No criminal conduct has been alleged in connection with Judge Guarino. He is under no criminal investigation.
As stated heretofore, this Court has taken judicial notice of Jeffrey C. Levy, et al. v. Guarino, Civil Action No. 92-1609, and of the documents filed therein. In Levy, the plaintiffs filed their action against Judge Guarino on March 19, 1992. They filed a motion for preliminary injunction on March 25, 1992. Howard M. Holmes, Deputy Legal Counsel to the Court Administrator of Pennsylvania, filed his appearance for defendant Judge Guarino on April 8, 1992, on which date plaintiffs withdrew their motion for preliminary injunction based on a stipulation entered into by all counsel. This stipulation stated in pertinent part:
Counsel for the Honorable Angelo Guarino has been authorized by Judge Guarino to represent to this Court, in the interests of comity between the state and federal courts, that pending final disposition of this action he will not exercise judicial authority to require venire-persons appearing before him, who have not been selected for a jury, to return to his court for further or additional service. He further assures this Court that he will not fine or punish venire-persons without due process of law.
Four months later, on August 4, 1992, Judge Guarino supplemented the stipulation by filing a document with the Levy court entitled "Statement to Federal District Court on Behalf of Judge Angelo A. Guarino regarding Procedures To Be Employed by the State Trial Judge Where Venire-Person Has Refused to Serve." In the document filed on August 4, 1992, Judge Guarino stated:
As a matter of comity between the state and federal courts and to supplement the Record in this matter Judge Angelo A. Guarino has now authorized his counsel to make the following representations and assurances of record to the federal district court on his behalf, with respect to the procedure he will employ in future when faced with a venire-person who, in the opinion of Judge Guarino, has refused in open court to serve as a juror:
1. When in the course of voir dire, the responses of an individual venireperson in the presence of the court are such, in Judge Guarino's opinion, as to constitute an intentional refusal to serve as a juror in the presence of the court, he will advise the individual that these responses, in the opinion of the court, constitute a refusal to serve.
3. He will instruct the individual that a finding that one is guilty of summary contempt of court in open court may subject one to fine or imprisonment. See 42 Pa.C.S. § 4131(3).
4. He will permit the individual to respond.
5. If the court finds that the individual has refused and continues to refuse to serve and the court deems it necessary to uphold the authority and dignity of the court and to prevent the obstruction of justice, the court will so state on the record, finding the individual guilty of summary contempt and imposing such penalty as is lawful and appropriate in the circumstances, and entering such Order on the record and in the presence of the individual.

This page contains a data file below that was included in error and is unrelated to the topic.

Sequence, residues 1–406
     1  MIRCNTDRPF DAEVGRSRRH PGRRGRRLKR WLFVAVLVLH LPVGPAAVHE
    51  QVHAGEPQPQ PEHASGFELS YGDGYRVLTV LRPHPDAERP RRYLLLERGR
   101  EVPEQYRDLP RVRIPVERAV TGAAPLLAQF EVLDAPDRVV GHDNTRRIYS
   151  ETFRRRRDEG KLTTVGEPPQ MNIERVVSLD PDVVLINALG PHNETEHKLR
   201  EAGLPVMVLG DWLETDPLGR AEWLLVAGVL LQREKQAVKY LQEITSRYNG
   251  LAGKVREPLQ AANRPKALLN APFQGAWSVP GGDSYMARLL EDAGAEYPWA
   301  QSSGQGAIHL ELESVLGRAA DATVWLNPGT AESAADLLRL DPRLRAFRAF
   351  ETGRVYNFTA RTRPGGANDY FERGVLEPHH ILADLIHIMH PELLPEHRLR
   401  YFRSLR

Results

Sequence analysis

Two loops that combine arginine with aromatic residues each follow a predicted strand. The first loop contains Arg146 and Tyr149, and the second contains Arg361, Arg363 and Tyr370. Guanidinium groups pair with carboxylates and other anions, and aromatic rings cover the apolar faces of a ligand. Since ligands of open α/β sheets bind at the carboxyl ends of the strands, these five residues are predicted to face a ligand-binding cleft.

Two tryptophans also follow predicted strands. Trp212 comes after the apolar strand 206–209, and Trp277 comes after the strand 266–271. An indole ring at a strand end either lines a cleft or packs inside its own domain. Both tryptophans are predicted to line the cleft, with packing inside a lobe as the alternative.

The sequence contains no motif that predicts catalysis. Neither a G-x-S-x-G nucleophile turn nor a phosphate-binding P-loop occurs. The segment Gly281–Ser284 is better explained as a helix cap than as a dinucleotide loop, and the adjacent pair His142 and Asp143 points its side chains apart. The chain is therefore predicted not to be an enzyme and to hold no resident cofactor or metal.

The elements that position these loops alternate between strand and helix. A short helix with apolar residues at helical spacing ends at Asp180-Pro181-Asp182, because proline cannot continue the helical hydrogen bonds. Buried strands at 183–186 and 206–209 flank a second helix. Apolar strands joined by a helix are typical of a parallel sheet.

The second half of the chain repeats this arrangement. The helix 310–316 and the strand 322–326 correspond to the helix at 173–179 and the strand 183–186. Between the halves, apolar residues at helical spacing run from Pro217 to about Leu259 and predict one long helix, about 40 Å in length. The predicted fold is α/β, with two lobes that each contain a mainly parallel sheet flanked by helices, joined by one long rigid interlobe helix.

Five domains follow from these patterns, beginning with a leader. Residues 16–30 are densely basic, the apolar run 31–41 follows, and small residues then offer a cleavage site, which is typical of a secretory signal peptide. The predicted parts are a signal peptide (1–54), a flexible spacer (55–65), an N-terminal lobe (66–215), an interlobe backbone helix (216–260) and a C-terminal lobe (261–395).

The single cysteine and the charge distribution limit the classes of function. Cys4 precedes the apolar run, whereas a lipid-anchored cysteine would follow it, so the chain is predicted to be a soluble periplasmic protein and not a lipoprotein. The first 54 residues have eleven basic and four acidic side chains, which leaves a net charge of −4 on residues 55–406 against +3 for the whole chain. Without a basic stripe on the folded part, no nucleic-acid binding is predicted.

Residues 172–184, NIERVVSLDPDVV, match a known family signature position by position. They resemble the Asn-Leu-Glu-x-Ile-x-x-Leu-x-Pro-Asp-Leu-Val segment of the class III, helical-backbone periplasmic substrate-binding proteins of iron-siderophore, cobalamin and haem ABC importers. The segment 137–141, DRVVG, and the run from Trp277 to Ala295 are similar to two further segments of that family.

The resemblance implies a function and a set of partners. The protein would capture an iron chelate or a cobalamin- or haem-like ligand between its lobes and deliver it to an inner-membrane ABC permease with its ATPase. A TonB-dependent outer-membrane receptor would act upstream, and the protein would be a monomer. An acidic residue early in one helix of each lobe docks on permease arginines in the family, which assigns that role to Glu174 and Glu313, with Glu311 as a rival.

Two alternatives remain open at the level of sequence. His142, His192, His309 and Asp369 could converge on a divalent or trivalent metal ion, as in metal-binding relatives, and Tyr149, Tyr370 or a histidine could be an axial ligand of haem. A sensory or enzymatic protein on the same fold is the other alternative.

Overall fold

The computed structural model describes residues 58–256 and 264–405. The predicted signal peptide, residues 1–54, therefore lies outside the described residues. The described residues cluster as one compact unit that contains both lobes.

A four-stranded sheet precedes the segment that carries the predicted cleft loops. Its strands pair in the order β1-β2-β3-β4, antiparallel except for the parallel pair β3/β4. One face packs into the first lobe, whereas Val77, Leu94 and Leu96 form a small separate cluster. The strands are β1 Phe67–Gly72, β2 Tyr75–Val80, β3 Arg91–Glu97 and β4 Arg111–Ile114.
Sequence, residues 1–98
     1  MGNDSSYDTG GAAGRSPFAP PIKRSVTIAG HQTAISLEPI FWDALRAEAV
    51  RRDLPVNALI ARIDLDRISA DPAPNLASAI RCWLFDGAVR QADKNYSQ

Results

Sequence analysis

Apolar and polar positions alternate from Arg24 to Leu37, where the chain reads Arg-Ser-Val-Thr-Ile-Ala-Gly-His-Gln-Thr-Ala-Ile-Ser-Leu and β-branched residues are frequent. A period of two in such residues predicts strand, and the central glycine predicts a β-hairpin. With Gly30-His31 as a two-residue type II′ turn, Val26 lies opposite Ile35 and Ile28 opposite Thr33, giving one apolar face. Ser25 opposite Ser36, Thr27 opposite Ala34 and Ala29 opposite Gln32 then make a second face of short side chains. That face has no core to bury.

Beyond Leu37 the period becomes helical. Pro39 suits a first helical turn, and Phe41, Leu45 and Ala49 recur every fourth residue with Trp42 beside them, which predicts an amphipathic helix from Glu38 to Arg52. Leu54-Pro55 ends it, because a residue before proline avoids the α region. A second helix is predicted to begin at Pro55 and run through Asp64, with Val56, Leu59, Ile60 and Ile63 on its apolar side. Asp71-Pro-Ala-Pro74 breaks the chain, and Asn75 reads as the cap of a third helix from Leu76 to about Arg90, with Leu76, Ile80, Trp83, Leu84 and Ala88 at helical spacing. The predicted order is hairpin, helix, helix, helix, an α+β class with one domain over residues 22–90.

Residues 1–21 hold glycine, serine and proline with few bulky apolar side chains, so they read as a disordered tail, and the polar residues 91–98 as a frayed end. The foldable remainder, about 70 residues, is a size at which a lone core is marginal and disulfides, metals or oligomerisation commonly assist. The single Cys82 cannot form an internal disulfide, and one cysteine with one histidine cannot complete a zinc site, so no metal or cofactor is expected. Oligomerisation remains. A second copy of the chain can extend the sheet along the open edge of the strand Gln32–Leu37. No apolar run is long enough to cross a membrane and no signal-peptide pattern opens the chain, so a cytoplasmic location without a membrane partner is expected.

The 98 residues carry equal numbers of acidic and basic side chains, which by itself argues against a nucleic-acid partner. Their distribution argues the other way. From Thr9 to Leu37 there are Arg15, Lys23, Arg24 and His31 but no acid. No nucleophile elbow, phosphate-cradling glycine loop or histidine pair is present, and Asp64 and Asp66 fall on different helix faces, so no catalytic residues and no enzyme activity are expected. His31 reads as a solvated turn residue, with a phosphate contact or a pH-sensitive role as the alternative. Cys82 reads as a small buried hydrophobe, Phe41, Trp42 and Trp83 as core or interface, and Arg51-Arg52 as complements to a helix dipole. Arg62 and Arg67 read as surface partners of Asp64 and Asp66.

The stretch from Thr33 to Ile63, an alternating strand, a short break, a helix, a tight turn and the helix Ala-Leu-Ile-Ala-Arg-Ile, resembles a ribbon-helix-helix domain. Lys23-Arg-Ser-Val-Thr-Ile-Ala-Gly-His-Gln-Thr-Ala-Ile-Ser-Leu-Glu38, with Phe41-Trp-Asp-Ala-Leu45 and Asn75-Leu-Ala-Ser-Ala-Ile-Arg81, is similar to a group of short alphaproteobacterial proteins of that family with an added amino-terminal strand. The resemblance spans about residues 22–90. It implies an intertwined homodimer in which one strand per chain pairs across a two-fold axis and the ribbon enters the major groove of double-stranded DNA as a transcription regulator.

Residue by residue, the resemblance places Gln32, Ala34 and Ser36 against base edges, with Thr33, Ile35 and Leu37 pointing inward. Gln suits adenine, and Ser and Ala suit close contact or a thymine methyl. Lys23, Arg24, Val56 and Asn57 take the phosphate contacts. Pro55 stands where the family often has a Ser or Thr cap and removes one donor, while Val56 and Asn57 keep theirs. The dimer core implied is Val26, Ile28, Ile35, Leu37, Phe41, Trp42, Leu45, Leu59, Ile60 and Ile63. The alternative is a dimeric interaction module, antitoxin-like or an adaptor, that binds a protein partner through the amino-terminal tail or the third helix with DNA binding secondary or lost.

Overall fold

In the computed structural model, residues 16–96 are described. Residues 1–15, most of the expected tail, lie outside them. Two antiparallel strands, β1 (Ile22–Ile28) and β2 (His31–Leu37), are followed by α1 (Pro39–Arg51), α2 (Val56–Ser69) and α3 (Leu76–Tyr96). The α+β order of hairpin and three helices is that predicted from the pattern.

In response to inquiry arising from his document of August 4, 1992, Judge Guarino filed a supplementary document with the Levy court on August 14, 1992, regarding the procedures he would employ, which stated:
1. When in the course of voir dire, an individual venire person makes responses or other statements in the presence of the court which, in Judge Guarino's opinion, (a) are or may be untrue, (b) are made for purposes of avoidance of jury duty and (c) have the effect of obstructing justice, Judge Guarino will consider, among any other relevant questions, the following issues:
A. May a state trial judge hold a juror in summary criminal contempt for refusing to serve in open court?
B. May a state trial judge base a finding that a juror has refused to serve, in whole or in part, on the juror's responses at voir dire which the state trial judge finds (i) are untrue, and (ii) are made with the intent of avoiding jury service?
C. In considering whether a juror has made untrue statements in attempted avoidance of jury service, what procedures, if any, in addition to those which the court already intends to provide, and what evidentiary considerations are appropriate?
2. Each of these questions and any other relevant legal or factual issues will be considered if and when the matter arises in the context of a judicial proceeding. In doing so, Judge Guarino is mindful of the dictates of the Pennsylvania Supreme Court that criminal contempt for misbehavior in the presence of the court requires proof beyond a reasonable doubt of misconduct in the presence of the court committed with intent to obstruct proceedings, which behavior actually obstructs the administration of justice. The record must establish each and every element of the offense. (Citations omitted).
2. (sic.) Whatever other procedures the court may hold to be appropriate if and when such issues arise, the court will certainly provide and engage in the colloquy set forth in the prior statement to this federal district court, including notice and opportunity for response. Any finding of contempt will be made ...